From Nepali Times, ISSUE #258 (29 JULY 2005 – 04 AUG 2005)
The peace pipeline through Pakistan hits a snag
Manmohan Singh emerged from his meeting with George W Bush in the Oval Office on 18 July with some devastatingly equivocal words. Asked by reporters about the discussions on the proposed Iran-Pakistan-India gas pipeline, the prime minister replied, “.there are many risks, because considering all the uncertainties of the situation there in Iran, I don\’t know if any international consortium of bankers would probably underwrite this”.
Innocuous sounding words from a soft-spoken man, but they are harbingers of terrible tidings for a project supposed to energise the Indian economy, help usher peace between India and Pakistan and thereby benefit all Southasia.
Iran has the second-largest reserves of natural gas in the world. India\’s galloping economy needs to shift from coal and petroleum to natural gas in order to attain and exceed the magical annual 8 percent GDP growth rate. The cheapest way to transfer gas from Iran\’s South Pars reserves is via a pipeline through Pakistan and on to Rajasthan, Gujarat and Delhi. In Islamabad, Gen Pervez Musharraf was enthusiastic and willing to provide guarantees of the pipeline\’s flow and mollify Indian worries of a tap turn-off during bad times.
What was unthinkable just a couple of years ago seemed suddenly possible. Southasia\’s arch-enemies were willing to collaborate for higher economic purpose. Indeed, the backward and forward linkages of the gas pipeline would lock India and Pakistan in a tight embrace. It could be the mother of all confidence building measures, and the political economy of our region would be transformed.
But something seems to have gone awry in Washington. There had always been the fear that the United States, with its deep animosity towards Iran, would act against the Iranian gas pipeline. The expectation was that the State Department would make Gen Musharraf buckle, but here you have India going into appeasement mode.
What lollipops were offered to the amenable scholar sardar? It was already clear in March, when US Secretary of State Condoleeza Rice addressed a press conference in New Delhi, that she wasn\’t hot on Persian gas whatever its merits. At that time, Pakistani and Indian ministers had said together they would not be deterred by American aversion to everything Iranian.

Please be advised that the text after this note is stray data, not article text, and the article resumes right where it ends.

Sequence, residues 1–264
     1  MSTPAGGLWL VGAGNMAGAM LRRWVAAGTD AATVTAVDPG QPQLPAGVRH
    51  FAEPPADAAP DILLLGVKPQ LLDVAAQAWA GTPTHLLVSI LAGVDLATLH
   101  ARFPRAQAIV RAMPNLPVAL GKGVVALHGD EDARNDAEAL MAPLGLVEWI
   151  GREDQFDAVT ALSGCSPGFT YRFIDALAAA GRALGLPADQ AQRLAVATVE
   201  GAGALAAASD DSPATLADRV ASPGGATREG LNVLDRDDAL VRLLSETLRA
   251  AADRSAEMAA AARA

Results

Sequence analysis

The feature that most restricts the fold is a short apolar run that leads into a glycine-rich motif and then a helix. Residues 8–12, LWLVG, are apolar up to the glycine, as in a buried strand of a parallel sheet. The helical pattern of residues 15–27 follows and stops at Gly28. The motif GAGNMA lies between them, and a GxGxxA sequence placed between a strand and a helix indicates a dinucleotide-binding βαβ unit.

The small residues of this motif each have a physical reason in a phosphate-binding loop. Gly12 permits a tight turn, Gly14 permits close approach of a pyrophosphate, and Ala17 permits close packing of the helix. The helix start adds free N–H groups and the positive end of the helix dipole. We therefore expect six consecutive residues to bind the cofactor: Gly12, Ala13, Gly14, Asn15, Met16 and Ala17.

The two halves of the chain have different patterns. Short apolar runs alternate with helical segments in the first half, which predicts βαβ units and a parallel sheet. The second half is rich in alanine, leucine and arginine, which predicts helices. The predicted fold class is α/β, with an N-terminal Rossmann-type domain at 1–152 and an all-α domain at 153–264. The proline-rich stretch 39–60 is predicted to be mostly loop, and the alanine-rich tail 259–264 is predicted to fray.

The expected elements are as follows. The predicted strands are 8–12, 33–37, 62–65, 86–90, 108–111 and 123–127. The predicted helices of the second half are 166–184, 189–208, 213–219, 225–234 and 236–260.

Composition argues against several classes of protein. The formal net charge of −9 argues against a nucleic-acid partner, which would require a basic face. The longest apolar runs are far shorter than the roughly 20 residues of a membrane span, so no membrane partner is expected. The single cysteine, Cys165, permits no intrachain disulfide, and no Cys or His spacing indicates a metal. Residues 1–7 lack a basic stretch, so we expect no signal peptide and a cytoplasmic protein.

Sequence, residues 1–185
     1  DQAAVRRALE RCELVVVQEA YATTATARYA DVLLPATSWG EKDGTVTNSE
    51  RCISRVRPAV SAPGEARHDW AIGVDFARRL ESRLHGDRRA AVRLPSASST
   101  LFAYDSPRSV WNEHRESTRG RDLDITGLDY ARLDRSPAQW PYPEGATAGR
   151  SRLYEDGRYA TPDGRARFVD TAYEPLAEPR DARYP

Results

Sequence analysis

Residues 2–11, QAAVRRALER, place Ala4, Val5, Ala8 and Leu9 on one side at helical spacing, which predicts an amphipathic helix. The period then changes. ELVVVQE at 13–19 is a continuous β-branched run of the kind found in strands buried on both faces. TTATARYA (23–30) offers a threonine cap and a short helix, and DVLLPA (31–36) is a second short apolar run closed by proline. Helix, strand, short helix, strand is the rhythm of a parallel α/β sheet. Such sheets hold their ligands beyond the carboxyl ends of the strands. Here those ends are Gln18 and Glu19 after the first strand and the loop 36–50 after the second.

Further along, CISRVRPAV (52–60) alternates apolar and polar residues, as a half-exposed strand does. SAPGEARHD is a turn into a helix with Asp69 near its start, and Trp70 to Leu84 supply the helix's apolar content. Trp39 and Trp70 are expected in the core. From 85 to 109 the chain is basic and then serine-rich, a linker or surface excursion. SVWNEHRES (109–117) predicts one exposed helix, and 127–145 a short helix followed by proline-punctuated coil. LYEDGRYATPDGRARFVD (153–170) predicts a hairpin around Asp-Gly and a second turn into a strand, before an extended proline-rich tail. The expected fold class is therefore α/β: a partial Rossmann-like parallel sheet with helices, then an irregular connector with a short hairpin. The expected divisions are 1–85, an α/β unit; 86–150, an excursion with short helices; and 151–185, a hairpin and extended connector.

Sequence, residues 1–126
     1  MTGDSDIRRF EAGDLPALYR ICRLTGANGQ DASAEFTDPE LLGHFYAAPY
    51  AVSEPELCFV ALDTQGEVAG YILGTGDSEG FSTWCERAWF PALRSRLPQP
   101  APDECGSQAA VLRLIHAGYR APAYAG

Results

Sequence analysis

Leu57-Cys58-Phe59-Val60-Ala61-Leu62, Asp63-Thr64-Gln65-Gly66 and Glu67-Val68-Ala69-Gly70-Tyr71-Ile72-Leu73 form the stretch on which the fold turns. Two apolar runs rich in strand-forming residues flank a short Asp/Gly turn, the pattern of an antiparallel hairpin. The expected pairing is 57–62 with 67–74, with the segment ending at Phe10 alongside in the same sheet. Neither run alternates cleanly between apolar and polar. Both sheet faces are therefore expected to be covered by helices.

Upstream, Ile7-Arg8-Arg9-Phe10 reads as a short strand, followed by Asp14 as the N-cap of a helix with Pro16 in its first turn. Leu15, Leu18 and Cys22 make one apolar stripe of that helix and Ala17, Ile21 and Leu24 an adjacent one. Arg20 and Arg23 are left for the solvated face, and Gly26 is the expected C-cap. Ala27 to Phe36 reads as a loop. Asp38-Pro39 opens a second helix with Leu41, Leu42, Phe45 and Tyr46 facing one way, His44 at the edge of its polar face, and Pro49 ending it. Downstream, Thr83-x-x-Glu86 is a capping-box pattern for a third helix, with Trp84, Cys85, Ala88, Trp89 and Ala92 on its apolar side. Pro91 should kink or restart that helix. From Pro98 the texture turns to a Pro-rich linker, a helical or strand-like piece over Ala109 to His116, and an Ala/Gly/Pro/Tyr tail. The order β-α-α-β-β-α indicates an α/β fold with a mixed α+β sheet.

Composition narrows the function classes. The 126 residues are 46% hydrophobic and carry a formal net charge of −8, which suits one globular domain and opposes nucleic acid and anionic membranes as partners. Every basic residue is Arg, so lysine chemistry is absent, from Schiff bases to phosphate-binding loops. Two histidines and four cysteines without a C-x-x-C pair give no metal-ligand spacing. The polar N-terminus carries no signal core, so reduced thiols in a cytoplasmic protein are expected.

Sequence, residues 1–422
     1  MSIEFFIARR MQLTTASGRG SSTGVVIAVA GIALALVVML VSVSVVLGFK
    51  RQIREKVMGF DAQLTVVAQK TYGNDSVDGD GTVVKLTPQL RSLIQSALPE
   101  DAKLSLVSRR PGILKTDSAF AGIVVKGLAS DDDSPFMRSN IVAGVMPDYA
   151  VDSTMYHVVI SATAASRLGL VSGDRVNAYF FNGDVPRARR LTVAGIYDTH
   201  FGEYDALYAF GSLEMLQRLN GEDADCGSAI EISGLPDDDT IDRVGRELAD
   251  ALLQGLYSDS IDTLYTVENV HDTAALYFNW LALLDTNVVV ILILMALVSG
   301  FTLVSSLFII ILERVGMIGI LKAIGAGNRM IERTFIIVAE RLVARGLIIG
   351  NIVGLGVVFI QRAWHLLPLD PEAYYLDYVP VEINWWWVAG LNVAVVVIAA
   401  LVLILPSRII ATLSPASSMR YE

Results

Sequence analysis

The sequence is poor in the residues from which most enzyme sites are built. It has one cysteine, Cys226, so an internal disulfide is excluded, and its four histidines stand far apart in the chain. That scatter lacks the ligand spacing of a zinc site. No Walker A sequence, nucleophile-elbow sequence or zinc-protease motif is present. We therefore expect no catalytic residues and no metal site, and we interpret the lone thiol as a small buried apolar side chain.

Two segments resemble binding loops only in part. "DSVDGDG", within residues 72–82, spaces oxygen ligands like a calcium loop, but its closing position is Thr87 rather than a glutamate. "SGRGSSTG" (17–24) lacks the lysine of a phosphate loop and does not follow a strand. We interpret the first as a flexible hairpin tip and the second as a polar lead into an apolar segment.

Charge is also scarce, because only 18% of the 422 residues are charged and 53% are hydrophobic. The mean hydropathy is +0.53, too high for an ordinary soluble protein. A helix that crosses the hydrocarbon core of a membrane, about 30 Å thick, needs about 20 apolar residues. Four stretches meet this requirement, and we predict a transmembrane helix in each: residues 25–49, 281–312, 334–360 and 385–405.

After attacking and destabilising Iraq, Prez Bush is now on the lookout for other countries to restore democracy in. It is a terrible thing for a paradigm-shifting project in Southasia to be affected by the likes and dislikes of a president in another hemisphere, harbouring his own animosities and licking his own imagined wounds. But this president is powerful, insensitive and uncaring, and it was obviously too much to expect sensitivity to peace, economic progress and poverty-reduction in India and Southasia.
There had been an eerie silence from the hawks in Islamabad and New Delhi as the gas pipeline proposal gathered steam through last year. Harbouring deep distrust of any kind of rapproachment, they were nevertheless taken aback by fast-moving developments and the emerging possibilities. As long as the project proceeded at a rapid pace defined by the forceful Mani Shankar Aiyar, India\’s Minister of Petroleum and Natural Gas, the hawks kept quiet. They feared being left behind by history.
Now, the hawks can be expected to crawl out of the woodwork with a chorus of I-told-you-so\’s. New Delhi\’s raptors are going to say that it was not nice to have ever considered trusting Islamabad on something as strategically critical as a pipeline supporting all industry. What if Islamabad turned off the tap? The hawks there will say it was foolish to have done anything to help the Indian economy anyway, and in particular to have disengaged this issue from the matter of Kashmir.
India can, of course, import gas from elsewhere, including via a pipeline from the Daulatabad gas fields of Turkmenistan or the off-shore fields of Burma\’s Arakan, or as liquefied gas via tankers from the Gulf. But the Iranian deal had seemed the most proximate and cost-effective. But besides economic reasons, there was the overwhelming need to use it to buttress peace between India and Pakistan.
Suddenly, there is a hiccup on the road to the peace pipeline. India, the Southasian superpower, seems to have blinked in the face of the world\’s superpower. One would have expected India to be made of sterner stuff.